The experiment in itself is pretty simple: we just need to jellify an egg. Then the objective is to grow bacteria. For this, we asked the students to put their fingers in the gel. In fact, we asked them to put their finger in two different gels. First, they had to place their finger without any washing into one gel, and then clean it  with a hydroalcoholic solution and place it on another gel. This could also allow the teacher to make a point about the need of washing one's hands, which in elementary schools is still a public safety issue.

As the egg is relatively sterile we expect to see more colonies in the solution that has been touched by the dirty fingers than by the relatively clean ones.

We performed this experiment a few times before sending the documents to the teachers that participated in our experiment, and we got good results. The return we got from the teachers was also great, even if in some cases they couldn’t make any egg jelly, they got to experiment biology without the fear of saying something wrong, or leading the students into believing things that were not true.

The pedagogical approach

As we wanted the teachers to be able to perform the experiments by themselves, without any additional help from us, we created our document with a very simple and concise structure.It is 5-page long document with:

  • An introduction page where the experiment is described , its goal, the resources needed to perform it, the time it takes to do it and the way the experiment is connected to the scholar program.
  • Three pages to describe each step of the experiment. As we designed a culture that could be performed over a few days, we recommended a three session schedule to complete the experiment. Each page covers one part of the experiment, and is thought to be performed on one session of one hour. The program is designed with a one-day break between each sessions.
    • The first session covers the realization of the gels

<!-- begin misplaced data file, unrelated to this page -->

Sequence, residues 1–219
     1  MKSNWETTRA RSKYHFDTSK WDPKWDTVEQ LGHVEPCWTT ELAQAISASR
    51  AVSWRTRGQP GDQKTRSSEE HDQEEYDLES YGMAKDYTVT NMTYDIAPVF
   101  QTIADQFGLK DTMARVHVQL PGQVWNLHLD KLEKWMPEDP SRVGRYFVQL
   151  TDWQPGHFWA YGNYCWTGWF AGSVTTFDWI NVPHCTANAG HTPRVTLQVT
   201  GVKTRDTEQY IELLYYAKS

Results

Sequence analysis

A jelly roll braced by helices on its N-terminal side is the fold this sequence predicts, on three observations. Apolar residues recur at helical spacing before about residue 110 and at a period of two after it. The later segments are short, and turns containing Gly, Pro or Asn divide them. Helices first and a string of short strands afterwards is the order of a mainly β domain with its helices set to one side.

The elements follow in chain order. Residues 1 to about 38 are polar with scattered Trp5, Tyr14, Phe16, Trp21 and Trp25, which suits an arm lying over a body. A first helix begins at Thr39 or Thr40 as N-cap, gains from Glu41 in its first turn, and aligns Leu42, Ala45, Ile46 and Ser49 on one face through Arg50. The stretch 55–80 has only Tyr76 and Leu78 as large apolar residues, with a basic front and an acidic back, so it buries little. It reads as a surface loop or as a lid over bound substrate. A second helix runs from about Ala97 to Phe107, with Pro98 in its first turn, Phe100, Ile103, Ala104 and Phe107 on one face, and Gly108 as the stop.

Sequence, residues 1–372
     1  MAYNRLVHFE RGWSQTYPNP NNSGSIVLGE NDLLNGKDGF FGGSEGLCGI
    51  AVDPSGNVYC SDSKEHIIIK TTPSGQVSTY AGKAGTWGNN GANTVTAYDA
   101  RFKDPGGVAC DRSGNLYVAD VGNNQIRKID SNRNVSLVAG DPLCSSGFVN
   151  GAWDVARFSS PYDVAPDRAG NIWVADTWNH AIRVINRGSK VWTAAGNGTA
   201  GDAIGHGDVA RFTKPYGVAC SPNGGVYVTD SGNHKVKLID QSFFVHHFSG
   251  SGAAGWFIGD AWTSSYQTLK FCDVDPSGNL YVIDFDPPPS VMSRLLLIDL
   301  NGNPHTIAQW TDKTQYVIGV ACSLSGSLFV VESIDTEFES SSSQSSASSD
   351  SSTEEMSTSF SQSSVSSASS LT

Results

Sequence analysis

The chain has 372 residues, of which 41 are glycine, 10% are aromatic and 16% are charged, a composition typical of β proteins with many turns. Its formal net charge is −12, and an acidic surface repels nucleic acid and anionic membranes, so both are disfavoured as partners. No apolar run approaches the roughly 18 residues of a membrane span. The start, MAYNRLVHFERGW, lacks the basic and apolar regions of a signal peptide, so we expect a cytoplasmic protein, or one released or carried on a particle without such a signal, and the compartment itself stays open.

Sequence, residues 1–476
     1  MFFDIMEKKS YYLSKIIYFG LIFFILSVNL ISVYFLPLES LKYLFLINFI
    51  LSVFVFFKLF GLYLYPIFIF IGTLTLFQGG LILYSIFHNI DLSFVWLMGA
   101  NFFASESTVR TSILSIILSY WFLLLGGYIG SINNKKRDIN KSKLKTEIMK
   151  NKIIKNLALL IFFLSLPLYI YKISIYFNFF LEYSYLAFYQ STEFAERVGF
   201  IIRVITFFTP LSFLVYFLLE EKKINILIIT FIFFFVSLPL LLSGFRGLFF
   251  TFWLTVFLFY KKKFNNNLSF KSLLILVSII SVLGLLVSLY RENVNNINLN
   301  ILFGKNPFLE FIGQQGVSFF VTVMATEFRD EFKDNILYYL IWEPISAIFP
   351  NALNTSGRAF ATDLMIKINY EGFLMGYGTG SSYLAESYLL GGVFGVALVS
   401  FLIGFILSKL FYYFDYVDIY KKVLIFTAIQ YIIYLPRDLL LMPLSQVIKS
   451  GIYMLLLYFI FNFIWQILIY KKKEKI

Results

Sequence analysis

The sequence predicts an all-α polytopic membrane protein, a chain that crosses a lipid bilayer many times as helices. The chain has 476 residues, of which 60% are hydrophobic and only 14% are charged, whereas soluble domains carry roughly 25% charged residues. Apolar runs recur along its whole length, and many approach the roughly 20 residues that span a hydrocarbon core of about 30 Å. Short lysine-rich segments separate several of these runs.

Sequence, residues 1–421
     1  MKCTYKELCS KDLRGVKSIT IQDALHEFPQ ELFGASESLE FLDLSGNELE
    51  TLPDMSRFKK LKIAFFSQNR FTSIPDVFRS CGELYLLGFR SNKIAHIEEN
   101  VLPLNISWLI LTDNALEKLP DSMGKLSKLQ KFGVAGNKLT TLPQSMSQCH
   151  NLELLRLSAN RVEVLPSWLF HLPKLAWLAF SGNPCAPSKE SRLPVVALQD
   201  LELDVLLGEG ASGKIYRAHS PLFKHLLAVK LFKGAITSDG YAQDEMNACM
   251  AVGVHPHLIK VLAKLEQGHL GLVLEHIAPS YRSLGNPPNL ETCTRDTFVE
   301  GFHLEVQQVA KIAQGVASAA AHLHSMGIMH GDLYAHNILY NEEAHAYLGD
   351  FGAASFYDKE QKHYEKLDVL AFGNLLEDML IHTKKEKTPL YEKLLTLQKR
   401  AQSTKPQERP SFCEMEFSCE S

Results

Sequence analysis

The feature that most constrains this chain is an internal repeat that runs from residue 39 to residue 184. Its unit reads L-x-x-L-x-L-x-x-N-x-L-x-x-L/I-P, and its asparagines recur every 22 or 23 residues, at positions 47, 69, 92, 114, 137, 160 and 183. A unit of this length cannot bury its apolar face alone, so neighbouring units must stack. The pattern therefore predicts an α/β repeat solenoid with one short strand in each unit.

• The second session covers the application of the fingers on the gels
    • The third session comments the results that are obtained
    Each page is divided into 4 sections:
    • The objectives of the session
    • The material needed for the session (the list is exhaustive from the agar-agar solution to the cooking film to protect the solutions once the gels are made)
    • A contextualization of the experiment. This is the most interesting part of the whole document as it is presented as a series of simple questions such as: “what does a chicken eat when it lives in the egg?”. Those questions do not need any background in neither biology nor science in general and allow students to make hypotheses. Those hypotheses force them to appropriate the subject while guiding them to an understanding of the whole process. As each question also comes with a simple answer, the teacher can confirm the answers the students have given. This method is effective and gives a real meaning to what the students are doing as they are not just following a class with the regular organization, but they are left alone with one question they can answer.
    • The experiment that has to be performed during the session. This is an exhaustive list of what has to be done. This allows the teacher to manage the experiment without needing extra-knowledge from synthetic biology or science in general
  • One last page with simple articles, contacts and other resources. This is meant to help the teacher to learn more about this field of science if he desired so. Finding reliable information by oneself is always challenging, and even more on topics that we have never heard of. Giving the teacher some reliable and yet simple papers, reviews and videos is we believe a great way to help them learn more if they want to.

The whole idea of the document was to give the opportunity to any teacher to work with molecular biology, and to present synthetic biology not as an obscure science but as the natural development of what had just been done. This was done by choosing a very simple experiment, with very basic principles, and detail them as much as possible so they seem evident.


We began the experiment with only one class, but pretty soon, a few other classes wanted to do the experiments. In the end, six classes did the experiment, and we hope other classes will join the project in the future, as all the comments we got were very encouraging (despite some experiments that didn’t work as planned because the teacher did not boil the solution of agar-agar and water).

The most important part in all this work was the impact on the student and from what we heard, all the students were happy to work with eggs, and they got to learn some very important biological principles during these sessions. Overall we are very satisfied with the results of this part of the project.